The SN2 Reaction
An SN2 reaction is a nucleophilic substitution reaction in which the rate-determining step involves two components. The reaction name derives from S standing for 'substitition', N for 'nucleophilic' and the 2 denoting the kinetic order of the reaction - or simply the number of reaction components involved in the rate-determining step.
An SN2 reaction arises from the combination of a good nucleophile and a substrate with an electrophilic reaction center attached to a good leaving group. A good example of this is the carbon-halogen (C-X) bond you'd find in an alkyl halide.
Figure 1: General SN2 reaction mechanism. L is the leaving group. Nu is the nucleophile. The partially positive carbon is an electrophile.
SN2 reactions are one-step bimolecular reactions with concerted - or simultaneous - bond-breaking and bond-making steps. Since SN2 reactions proceed in one step, a defining characteristic of this substitution is that the mechanism does not proceed via a reaction intermediate. Instead, the nucleophile coordinates to the reaction center to form a bond at the same time the C-X bond breaks simultaneously. This results in inversion of configuration at the reaction stereocenter.
Factors affecting an SN2 reaction:
Nucleophile: The best nucleophiles are strong, negatively charged, and they are high energy. Since the nucleophile is a reactant, in an energy diagram a good nucleophile would raise the energy of the reactants. By raising the energy of the reactants, the activation energy is lowered. The activation energy is the energy difference between the reactants and the transition state.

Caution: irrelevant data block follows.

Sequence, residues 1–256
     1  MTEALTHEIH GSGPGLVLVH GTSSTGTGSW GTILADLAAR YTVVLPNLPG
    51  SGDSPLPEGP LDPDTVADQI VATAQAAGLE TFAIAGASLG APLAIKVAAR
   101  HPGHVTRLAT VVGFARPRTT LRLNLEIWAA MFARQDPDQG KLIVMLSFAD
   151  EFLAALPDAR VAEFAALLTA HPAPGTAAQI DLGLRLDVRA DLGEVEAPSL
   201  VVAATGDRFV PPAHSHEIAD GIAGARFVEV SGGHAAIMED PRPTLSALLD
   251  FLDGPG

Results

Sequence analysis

Solvent: The rate of an SN2 reaction is significantly influenced by the solvent in which the reaction takes place. Protic solvents (e.g. water or alcohols with hydrogen-bond donating ability) decrease the power of the nucleophile due to a solvation effect. Protic solvents lower the energy of the nucleophile, therefore, the energy of the reactants is lower and the activation energy is increased. Strong hydrogen-bond interactions between solvent protons and the highly reactive lone pairs on the nucleophile form a 'shell' or 'cage' that prevents the nucleophile from reacting. SN2 reactions are faster in polar, aprotic solvents (e.g. acetone) that lack hydrogen-bonding capability.
Leaving group: The best leaving group lowers the energy of the transition state, therefore, the activation energy is reduced.
Steric effects: Since SN2 reactions rely heavily on easy access to the reaction center, steric effects are one important factor that could impede reaction. A bulky alkyl halide increases the energy of the transition state, therefore, the activation energy is increased. By selecting a less sterically hindered alkyl halide and a strong nucleophile, it's possible to favor the SN2 reaction over potentially competing reactions such as the SN1 reaction or elimination reactions.